Indiana

Education, From The Capitol To The Classroom

Another Challenge For The 2015 ISTEP+? Snow Days

Districts with multiple snow days this week are facing an even tighter deadline to prepare students and teachers for this year's ISTEP+.

Districts with multiple snow days this week are facing an even tighter deadline to prepare students and teachers for this year\’s ISTEP+. (Photo Credit: Jason.Kuffer/Flickr)

Recent commotion regarding the 2015 ISTEP+ involved a lot of key players: state superintendent Glenda Ritz, the State Board of Education and Governor Mike Pence, along with many parents and educators voicing concerns. But as temperatures dropped and snow fell this week, another character was added to the mix: Mother Nature.

Many school districts cancelled classes multiple days this week because of weather, meaning lost opportunities to administer practice tests or meet with teachers to get them up to speed on how to proctor the test.

The Evansville-Vanderburgh School Corporation has called four snow days so far this week, and according to spokesperson Marsha Jackson, this puts them on an even tighter deadline regarding assessments. The district received their practice tests at the end of the last week, but have not had a chance to use them.

“Tomorrow we’re hoping to be back in the classroom and will begin working with those practice tests with our kids, but that only gives us a couple days, really,” Jackson says. Continue Reading

IDOE Releases Plan To Districts For Shortening The 2015 ISTEP+

The IDOE divided Part 1 of the 2015 ISTEP in half to shorten the test by three hours and five minutes.

The IDOE divided Part 1 of the 2015 ISTEP in half to shorten the test by three hours and five minutes. photo credit; James Sarmiento (flickr)

The Indiana Department of Education sent guidance to school districts Wednesday evening explaining how schools will divide this year’s ISTEP+ test to make it shorter.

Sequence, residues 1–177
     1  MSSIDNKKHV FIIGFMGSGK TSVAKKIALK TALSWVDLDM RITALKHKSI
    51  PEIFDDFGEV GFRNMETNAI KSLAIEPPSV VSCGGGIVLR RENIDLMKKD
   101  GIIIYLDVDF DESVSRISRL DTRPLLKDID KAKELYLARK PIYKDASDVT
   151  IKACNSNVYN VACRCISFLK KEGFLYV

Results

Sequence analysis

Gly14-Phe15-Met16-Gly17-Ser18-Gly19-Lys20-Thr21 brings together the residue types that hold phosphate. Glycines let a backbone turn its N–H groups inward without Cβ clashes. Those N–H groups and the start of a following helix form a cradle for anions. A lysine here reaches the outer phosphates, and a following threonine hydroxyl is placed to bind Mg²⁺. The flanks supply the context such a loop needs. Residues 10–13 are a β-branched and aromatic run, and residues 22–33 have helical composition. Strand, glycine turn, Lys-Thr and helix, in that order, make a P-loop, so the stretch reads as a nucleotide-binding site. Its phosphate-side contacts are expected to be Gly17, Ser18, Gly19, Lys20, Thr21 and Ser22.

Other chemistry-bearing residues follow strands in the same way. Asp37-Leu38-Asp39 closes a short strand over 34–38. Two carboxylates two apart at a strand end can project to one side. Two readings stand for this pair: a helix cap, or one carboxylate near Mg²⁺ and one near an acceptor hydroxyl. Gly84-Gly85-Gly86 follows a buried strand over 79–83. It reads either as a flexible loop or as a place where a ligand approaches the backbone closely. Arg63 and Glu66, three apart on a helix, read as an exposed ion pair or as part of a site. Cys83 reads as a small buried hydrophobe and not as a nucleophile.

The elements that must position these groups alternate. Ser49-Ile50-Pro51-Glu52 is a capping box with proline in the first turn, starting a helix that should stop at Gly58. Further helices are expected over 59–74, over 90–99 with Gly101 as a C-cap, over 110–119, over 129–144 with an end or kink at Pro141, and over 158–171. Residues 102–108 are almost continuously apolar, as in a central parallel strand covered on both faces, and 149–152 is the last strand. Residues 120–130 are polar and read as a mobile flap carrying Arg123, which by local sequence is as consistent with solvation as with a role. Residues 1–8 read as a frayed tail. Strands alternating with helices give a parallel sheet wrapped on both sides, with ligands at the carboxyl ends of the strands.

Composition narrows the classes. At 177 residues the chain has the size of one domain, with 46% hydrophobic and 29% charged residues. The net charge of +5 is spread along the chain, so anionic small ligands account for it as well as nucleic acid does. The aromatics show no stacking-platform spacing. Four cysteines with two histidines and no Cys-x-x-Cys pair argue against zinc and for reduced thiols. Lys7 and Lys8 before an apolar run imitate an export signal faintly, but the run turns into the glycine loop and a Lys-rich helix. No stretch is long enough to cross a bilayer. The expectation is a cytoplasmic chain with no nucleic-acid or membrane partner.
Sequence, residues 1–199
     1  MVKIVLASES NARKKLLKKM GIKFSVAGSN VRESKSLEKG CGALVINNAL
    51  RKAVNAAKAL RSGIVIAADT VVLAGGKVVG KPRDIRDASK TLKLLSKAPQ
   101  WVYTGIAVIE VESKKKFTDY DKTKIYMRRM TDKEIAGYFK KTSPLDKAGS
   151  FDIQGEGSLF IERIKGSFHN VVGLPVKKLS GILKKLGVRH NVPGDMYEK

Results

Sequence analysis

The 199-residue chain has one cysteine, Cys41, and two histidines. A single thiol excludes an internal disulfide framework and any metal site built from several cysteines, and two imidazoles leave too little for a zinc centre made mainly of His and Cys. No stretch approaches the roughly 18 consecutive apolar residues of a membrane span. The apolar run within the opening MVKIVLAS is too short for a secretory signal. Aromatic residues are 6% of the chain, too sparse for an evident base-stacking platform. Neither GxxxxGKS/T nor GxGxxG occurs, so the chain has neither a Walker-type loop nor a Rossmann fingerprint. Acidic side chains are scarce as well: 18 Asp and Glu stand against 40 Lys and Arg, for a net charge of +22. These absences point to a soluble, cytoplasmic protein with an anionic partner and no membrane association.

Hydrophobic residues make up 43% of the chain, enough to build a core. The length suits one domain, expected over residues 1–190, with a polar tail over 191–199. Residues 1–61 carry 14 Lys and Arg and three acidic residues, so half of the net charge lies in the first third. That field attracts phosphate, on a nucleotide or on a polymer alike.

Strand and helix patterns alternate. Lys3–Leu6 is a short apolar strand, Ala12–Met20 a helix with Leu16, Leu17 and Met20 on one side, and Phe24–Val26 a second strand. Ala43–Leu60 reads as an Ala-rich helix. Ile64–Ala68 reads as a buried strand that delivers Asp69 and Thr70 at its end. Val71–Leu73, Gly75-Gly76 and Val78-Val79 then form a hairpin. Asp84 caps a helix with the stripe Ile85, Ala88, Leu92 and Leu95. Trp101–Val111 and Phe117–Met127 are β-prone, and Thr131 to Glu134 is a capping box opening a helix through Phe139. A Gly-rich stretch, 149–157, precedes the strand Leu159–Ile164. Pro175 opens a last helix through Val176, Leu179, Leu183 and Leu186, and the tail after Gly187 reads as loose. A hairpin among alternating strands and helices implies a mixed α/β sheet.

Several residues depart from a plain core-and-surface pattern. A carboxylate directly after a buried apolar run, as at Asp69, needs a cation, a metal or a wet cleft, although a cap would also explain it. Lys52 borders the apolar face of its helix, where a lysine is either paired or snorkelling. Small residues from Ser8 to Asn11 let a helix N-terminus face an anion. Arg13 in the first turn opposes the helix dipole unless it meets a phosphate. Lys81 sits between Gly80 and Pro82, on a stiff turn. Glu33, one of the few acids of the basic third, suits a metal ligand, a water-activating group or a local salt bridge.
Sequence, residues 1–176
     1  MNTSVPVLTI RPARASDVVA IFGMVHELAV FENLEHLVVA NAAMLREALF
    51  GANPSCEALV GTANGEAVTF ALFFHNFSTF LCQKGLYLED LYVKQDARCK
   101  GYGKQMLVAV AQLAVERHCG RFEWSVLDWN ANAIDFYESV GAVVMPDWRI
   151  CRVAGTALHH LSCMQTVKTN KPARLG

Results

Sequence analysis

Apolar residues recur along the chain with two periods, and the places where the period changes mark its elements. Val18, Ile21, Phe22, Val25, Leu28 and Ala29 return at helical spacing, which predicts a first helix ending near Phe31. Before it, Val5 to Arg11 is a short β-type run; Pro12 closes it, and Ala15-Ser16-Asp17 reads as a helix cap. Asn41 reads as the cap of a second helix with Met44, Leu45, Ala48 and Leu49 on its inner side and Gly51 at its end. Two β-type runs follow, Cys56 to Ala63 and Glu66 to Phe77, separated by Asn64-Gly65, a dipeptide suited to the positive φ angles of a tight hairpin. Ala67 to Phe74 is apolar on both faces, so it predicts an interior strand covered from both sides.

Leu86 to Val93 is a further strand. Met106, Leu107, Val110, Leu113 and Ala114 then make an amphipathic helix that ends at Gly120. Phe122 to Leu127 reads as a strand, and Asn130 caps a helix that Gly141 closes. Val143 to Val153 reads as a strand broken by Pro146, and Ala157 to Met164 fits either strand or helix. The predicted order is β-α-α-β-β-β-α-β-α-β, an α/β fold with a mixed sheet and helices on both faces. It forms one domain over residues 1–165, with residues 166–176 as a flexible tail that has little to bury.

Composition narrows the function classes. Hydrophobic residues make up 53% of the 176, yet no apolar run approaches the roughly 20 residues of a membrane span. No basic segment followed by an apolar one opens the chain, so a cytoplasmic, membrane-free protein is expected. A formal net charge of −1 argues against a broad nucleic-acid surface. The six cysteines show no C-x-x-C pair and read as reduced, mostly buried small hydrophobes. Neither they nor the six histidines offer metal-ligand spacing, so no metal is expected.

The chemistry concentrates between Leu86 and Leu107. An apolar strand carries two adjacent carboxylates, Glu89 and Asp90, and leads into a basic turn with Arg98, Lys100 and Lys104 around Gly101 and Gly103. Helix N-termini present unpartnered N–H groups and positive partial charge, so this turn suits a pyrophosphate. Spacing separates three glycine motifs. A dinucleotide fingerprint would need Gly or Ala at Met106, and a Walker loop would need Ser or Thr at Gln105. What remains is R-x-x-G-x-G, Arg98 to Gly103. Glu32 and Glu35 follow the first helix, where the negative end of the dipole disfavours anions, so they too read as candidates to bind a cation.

This comes after the IDOE and State Board of Education voted to move forward with a plan from two national testing consultants, hired by Governor Pence, to shorten the test.

Thirty-two percent of the questions Included in Part One of the assessment – which may begin next Wednesday – serve as pilot items for next year’s test. The plan to split sections among schools reduced the amount of pilot questions any given student will take by half.

The IDOE split Part One of the ISTEP+ (the open-ended portion) into two forms, and the forms will be divided by school. An IDOE spokesperson says they decided to split it among schools and not districts to divide the pilot questions evenly among various demographic groups in the state.

Here’s how the test is divided: Continue Reading

How Did We Get Here? The Road To The 2015 ISTEP+

Jenny Robinson reads with her second grade son, Louis. Robinson says she is concerned about the amount of testing her children participate in, and wishes there was more time spent on creative learning.

Jenny Robinson reads with her second grade son, Louis. Robinson says she’s concerned about the amount of testing her children participate in, and wishes they could spend more time on creative learning. (Photo Credit: Claire McInerny/StateImpact Indiana)

If you’re a parent trying to prepare your child for the spring ISTEP+ test, you may be at a loss.

Maybe you got a letter from your child’s school this week, but it didn’t include the usual “make sure your child gets plenty of rest and eats a balanced breakfast.” Instead, it probably included a list of uncertainties about this year’s exam.

No one seems to know what students should expect and the testing window opens next week. How did Indiana find itself in this situation?

A Trip Down Memory Lane

If you trace it back, this all really started when Indiana pulled out of the Common Core national standards. When that happened, the state had to write its own new standards, and a test to match them. Because the process was so rushed, there was no time to pilot the new questions.

The solution: include pilot questions within the new test.  Students would be subjected to a lot more questions than would actually count toward their scores – so many new questions that the length of the test actually doubled.

But that wasn’t common knowledge until the end of January. That’s when the Department of Education mailed timetables to school districts across the state.

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House GOP Budget Would Change How Schools Are Funded

Rep. Tim Brown, R-Crawfordsville, helped to author the House GOP budget. (Photo Credit: Brandon Smith/IPBS)

Rep. Tim Brown, R-Crawfordsville, helped to author the House GOP budget. (Photo Credit: Brandon Smith/IPBS)

Where does all the money that taxpayers invest in public education go?